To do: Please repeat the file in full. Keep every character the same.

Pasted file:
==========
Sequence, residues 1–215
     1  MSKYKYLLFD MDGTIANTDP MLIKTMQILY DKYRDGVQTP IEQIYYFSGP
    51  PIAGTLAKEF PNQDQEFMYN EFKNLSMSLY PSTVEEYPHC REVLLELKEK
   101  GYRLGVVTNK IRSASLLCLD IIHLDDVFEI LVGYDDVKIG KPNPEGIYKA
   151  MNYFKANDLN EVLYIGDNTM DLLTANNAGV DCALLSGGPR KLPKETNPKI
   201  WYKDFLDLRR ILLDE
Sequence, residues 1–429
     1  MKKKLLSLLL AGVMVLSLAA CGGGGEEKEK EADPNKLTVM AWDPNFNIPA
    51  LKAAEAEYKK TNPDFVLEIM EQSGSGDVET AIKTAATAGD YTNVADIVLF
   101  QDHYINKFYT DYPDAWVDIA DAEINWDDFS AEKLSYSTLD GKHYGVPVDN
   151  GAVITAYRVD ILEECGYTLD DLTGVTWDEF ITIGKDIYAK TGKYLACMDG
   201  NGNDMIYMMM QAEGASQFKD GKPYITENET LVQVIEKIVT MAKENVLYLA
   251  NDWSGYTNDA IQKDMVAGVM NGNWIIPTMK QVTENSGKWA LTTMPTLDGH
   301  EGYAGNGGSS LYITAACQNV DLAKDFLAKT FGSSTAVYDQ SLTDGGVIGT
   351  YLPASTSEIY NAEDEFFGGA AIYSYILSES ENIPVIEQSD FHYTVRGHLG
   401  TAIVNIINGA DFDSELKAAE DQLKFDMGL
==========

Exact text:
Sequence, residues 1–215
     1  MSKYKYLLFD MDGTIANTDP MLIKTMQILY DKYRDGVQTP IEQIYYFSGP
    51  PIAGTLAKEF PNQDQEFMYN EFKNLSMSLY PSTVEEYPHC REVLLELKEK
   101  GYRLGVVTNK IRSASLLCLD IIHLDDVFEI LVGYDDVKIG KPNPEGIYKA
   151  MNYFKANDLN EVLYIGDNTM DLLTANNAGV DCALLSGGPR KLPKETNPKI
   201  WYKDFLDLRR ILLDE
Sequence, residues 1–429
     1  MKKKLLSLLL AGVMVLSLAA CGGGGEEKEK EADPNKLTVM AWDPNFNIPA
    51  LKAAEAEYKK TNPDFVLEIM EQSGSGDVET AIKTAATAGD YTNVADIVLF
   101  QDHYINKFYT DYPDAWVDIA DAEINWDDFS AEKLSYSTLD GKHYGVPVDN
   151  GAVITAYRVD ILEECGYTLD DLTGVTWDEF ITIGKDIYAK TGKYLACMDG
   201  NGNDMIYMMM QAEGASQFKD GKPYITENET LVQVIEKIVT MAKENVLYLA
   251  NDWSGYTNDA IQKDMVAGVM NGNWIIPTMK QVTENSGKWA LTTMPTLDGH
   301  EGYAGNGGSS LYITAACQNV DLAKDFLAKT FGSSTAVYDQ SLTDGGVIGT
   351  YLPASTSEIY NAEDEFFGGA AIYSYILSES ENIPVIEQSD FHYTVRGHLG
   401  TAIVNIINGA DFDSELKAAE DQLKFDMGL